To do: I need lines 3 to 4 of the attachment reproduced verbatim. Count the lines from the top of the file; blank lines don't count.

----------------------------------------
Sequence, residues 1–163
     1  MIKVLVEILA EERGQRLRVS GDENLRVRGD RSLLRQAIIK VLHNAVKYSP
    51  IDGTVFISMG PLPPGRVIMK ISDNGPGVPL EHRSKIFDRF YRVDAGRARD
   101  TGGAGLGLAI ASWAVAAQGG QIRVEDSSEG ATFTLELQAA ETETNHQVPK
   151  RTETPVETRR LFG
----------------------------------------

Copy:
    51  IDGTVFISMG PLPPGRVIMK ISDNGPGVPL EHRSKIFDRF YRVDAGRARD
   101  TGGAGLGLAI ASWAVAAQGG QIRVEDSSEG ATFTLELQAA ETETNHQVPK